If this approach worked, it would mean we wouldn’t be limited by tool, or methodology, or stage: people could find a set of guides that combines all the relevant information for their situation and mental model, whatever that may be. 

Databases FTW

Luckily for me, the research team were already heavy users of Notion, and I realised that Notion databases are basically designed for this scenario. With some guidance from our technical knowledge manager and Notion account manager, I decided to go for it. Here’s how I did it:

  • I moved all the existing content from all over Notion into one database

  • Merged duplicates and removed any overlaps

  • Deleted outdated information and replaced as needed with new guidance

  • Broke the content up: finding the smallest standalone chunk of content, and making that its own page in the database. For example, I broke the “how to run interviews” guide up into these smaller standalone guides (not an exhaustive list):  

    • Finding participants

    • How to schedule participants

    • Using Google Calendar

    • Sending out an email campaign

    • Setting up note-taking templates

    • Writing a discussion guide

    • Sending out incentives

    • Editing and storing your recordings

    • How to use Google Meet

  • Tagged these standalone mini guides so they can be surfaced in related sets.

This last step was the most complex: the structure had to be clear enough that others could use it, and comprehensive enough to allow for all the combinations we needed. But it also had to be simple to maintain. In the end, I found that the following four categories gave enough detail and flexibility to group the content in ways that matched the most common mental models:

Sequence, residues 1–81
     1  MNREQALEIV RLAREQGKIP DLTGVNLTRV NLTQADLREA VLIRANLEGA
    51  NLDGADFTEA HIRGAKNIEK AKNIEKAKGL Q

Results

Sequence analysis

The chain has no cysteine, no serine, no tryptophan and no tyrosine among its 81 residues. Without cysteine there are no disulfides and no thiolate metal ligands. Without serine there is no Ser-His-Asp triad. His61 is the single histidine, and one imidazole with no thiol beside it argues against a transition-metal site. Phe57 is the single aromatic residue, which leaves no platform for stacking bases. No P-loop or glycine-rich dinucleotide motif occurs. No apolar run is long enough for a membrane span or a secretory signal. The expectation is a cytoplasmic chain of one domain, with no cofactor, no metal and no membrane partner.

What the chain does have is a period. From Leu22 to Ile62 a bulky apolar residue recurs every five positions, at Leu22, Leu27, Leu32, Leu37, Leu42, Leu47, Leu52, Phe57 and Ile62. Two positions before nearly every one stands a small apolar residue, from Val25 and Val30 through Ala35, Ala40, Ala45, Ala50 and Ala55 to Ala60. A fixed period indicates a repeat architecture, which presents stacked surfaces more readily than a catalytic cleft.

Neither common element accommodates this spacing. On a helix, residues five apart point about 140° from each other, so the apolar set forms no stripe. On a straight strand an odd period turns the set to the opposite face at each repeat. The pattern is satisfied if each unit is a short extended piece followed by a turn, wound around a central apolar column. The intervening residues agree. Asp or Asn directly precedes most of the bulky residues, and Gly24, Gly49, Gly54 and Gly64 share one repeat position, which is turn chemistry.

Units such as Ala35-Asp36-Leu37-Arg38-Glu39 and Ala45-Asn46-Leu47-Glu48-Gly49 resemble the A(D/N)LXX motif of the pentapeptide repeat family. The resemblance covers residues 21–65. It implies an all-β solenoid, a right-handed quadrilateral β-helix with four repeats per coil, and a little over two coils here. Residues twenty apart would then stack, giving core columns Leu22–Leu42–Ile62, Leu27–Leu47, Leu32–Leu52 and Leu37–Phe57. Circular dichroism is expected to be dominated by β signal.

• Research phase: Plan, Recruit, Conduct, etc

  • Target audience: Researchers, Ops, People who do research, etc.

  • Method: Usability, Interviews, Surveys, etc.

  • Type of guide: Overview, theory, how-to, tool, template, etc. 

A table in Notion which breaks down various categories and content for a Design database, including Name, Tags, Audience, and Stage

For example, the guides shown here, the first few are all tagged with “1:1 interviews” but not all have “Recruit” in the phase category. And “Finding participants” and “Sending out an email campaign” are both also tagged with “Surveys” in the method category, as these methods contain those steps too.

The last step was to set up landing pages in Notion to point people to collections of these guides based on some groups and filters I’d already set up - like “Surveys” - and we were off! 

And it’s paying off

It seems to be working. Everyone can quickly find what they need in one place. When researchers figure out a new way to edit videos, for example, it’s super easy for them to add a new guide and tag it so that it is immediately available to everyone. Everyone can create their own views of the database content, filtered the way they like to suit their mental model (which one of our analysts promptly did, to my delight). The number of ad hoc “how do I do x” requests in our Slack channel has gone down, and when we do get them, it’s so easy to point people to information we’re all confident is up to date and relevant. An additional bonus is how easy it is to track all of this content - I don’t need a separate tracker or project list, I just look at the “last updated” dates and status fields right in the database. All the information I need is in one place, too. 

So, if you’re starting out in a new role in research ops, design ops or any other kind of team operations, you might also benefit from developing a how-to guide database rather than a more “complete” (but ultimately less flexible) playbook of guidelines. And if you’re a researcher, take a look at the roles we’ve got open - we’d love to include your  knowledge and expertise in our guidance! 

If you're interested in finding out more about design ops and research ops, join me at DesignOps London on 10 March. I'll be speaking about my experience in setting design and research ops up for success